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A children’s prison has been criticised by inspectors after they found new arrivals as young as 15 were being locked in solitary confinement in their rooms for a fortnight and allowed out for just 30 minutes a day because of concerns about coronavirus.
Rainsbrook Secure Training Centre, near Rugby in Warwickshire, which provides accommodation for up to 87 children aged between 12 and 17 who are on remand or serving custodial sentences, was the subject of a monitoring visit in October following an earlier, critical inspection.
Inspectors were told that from the start of the first lockdown, newly admitted children were locked up on arrival for 14 days, in line with national Covid guidance on self-isolation.
The inspection report ruled there was “no rationale” for keeping children in solitary confinement for 23 and a half hours per day and called for the practice to stop immediately.
“Records from these 14-day periods show that there is no meaningful interaction with children,” the report stated. “This is an excessive amount of time for children to be locked in, is tantamount to solitary confinement, and is highly likely to be damaging to their emotional and physical wellbeing.”
Frances Crook, the chief executive of the Howard League for Penal Reform, called for Rainsbrook to be shut down. “They are using Covid as an excuse for locking them up. The idea that a child would come from a court hearing – having had a traumatic experience – and you are put in a cell by yourself for almost 24 hours a day, for 14 days, without seeing anybody and with nothing to do … It’s child abuse.”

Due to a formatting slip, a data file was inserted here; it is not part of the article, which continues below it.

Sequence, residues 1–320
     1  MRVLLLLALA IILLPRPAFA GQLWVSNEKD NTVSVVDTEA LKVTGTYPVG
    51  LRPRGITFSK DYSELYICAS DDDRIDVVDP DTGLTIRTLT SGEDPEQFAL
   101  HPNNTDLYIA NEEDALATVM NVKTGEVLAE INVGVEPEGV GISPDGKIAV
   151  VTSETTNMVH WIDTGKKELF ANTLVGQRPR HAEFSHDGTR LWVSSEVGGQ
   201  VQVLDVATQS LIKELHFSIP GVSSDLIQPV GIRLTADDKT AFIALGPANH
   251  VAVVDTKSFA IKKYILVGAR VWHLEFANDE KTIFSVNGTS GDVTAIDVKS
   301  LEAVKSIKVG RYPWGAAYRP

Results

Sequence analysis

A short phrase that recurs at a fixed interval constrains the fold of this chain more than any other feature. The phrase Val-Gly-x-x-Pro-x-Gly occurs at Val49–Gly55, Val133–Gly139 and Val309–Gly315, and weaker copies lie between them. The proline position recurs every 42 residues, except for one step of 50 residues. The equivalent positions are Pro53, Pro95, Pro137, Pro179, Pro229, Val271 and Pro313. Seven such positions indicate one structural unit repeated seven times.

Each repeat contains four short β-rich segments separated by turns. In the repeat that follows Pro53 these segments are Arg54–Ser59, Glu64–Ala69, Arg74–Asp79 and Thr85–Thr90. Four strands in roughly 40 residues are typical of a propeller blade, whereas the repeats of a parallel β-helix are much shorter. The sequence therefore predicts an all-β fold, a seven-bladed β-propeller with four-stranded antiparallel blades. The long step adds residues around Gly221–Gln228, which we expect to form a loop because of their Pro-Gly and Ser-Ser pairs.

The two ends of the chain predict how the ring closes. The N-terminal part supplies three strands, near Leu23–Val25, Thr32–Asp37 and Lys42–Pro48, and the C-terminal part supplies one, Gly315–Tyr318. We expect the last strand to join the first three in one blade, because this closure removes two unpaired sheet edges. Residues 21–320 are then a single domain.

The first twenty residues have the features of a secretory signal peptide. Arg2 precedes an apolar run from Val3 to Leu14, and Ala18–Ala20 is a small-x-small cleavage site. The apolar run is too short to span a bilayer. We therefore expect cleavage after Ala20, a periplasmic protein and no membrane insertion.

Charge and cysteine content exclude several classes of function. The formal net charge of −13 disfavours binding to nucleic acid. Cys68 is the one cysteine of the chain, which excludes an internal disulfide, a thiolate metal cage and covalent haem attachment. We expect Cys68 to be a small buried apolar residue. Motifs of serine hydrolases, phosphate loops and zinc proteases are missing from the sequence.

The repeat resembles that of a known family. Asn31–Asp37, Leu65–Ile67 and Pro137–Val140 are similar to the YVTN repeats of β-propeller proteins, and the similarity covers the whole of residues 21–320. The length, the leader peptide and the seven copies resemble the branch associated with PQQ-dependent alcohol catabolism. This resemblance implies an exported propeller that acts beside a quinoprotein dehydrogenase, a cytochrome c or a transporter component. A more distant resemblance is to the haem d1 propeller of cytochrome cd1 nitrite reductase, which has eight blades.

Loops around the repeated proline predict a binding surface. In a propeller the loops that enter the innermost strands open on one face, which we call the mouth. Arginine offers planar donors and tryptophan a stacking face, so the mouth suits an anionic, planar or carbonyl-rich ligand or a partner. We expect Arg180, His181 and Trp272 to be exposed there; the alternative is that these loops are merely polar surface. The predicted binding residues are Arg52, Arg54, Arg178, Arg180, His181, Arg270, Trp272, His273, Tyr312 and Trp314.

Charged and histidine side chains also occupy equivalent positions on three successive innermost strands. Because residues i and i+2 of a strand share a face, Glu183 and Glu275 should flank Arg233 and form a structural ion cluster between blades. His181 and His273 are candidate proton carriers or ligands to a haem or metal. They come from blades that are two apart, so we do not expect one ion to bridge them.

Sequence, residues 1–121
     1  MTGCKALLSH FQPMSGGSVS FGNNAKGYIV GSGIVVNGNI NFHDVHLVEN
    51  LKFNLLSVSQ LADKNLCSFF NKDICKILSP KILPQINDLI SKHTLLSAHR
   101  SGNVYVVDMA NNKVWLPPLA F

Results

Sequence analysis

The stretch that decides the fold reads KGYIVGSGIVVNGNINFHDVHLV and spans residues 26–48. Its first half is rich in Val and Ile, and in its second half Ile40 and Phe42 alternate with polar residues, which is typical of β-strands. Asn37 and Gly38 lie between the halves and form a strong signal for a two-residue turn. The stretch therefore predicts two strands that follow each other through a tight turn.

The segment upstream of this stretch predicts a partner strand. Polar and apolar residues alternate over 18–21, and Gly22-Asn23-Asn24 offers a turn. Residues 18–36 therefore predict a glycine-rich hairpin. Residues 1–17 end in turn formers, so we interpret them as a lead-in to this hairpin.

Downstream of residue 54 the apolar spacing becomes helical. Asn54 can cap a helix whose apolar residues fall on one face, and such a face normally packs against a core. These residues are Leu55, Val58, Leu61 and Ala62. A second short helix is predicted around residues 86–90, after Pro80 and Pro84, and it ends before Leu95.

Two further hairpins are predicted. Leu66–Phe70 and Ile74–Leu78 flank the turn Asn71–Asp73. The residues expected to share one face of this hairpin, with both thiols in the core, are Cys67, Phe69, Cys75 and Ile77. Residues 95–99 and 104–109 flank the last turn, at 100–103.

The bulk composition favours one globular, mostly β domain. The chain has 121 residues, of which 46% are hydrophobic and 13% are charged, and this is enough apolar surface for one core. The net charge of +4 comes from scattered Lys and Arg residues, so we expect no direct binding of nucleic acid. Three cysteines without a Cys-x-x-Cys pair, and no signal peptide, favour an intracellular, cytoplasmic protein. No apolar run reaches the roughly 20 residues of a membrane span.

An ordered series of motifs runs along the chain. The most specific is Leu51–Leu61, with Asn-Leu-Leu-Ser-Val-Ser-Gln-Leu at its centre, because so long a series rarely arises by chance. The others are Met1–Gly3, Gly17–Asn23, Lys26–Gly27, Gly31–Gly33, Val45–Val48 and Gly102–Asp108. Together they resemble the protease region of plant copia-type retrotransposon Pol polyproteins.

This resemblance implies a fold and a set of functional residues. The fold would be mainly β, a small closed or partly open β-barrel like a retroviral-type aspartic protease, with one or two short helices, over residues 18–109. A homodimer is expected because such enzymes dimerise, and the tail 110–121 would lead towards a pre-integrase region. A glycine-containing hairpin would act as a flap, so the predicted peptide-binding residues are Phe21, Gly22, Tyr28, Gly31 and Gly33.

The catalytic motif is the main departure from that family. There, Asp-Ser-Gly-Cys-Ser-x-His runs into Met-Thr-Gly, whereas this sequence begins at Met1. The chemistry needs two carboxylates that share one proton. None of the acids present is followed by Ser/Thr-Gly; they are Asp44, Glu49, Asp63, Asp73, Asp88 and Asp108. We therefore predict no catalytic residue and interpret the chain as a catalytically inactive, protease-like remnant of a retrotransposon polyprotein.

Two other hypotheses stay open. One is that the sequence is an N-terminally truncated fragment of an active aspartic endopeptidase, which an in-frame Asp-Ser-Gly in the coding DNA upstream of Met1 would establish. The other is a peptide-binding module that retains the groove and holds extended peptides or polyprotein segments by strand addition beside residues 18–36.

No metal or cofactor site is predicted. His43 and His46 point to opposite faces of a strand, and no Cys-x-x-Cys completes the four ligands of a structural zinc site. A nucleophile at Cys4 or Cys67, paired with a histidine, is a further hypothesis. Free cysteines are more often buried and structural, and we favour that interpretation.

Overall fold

Almost one in four children (23%) told inspectors they did not feel safe, and the report flagged up a failure of leadership to consistently ensure children’s safety and wellbeing at Rainsbrook.
The report also revealed a rise in emotional abuse towards children during the pandemic, with increased incidents of staff swearing at children or “taking banter too far”. Some children said they did not feel that all senior staff were willing to listen to them or take their concerns seriously.
Inspectors noted, however, that relationships between children and custodial care officers appeared positive, and children said they felt the officers knew them and understood their needs.
The inspection was carried out by Ofsted, the Care Quality Commission and the prison’s inspectorate. Immediately after, Ofsted’s chief inspector, Amanda Spielman, wrote on behalf of all three to the justice secretary, Robert Buckland, to highlight concerns, followed by an emergency meeting with the Ministry of Justice.
“We will be carrying out a joint monitoring visit to Rainsbrook within eight weeks to make sure that the necessary improvements have been made to keep children safe,” an Ofsted spokesperson said.
Th chief inspector of prisons, Charlie Taylor, said it was “extremely concerning that this was allowed to happen by Rainsbrook and the Youth Custody Service (YCS)”.
Rainsbrook, which was responsible for 43 children at the time of the visit, is run by a private provider, MTCnovo. Both MTCnovo and the Ministry of Justice have been contacted for comment.
Source: The Guardian
Keyword: Inspectors condemn youth prison that kept new inmates in solitary for two weeks | Children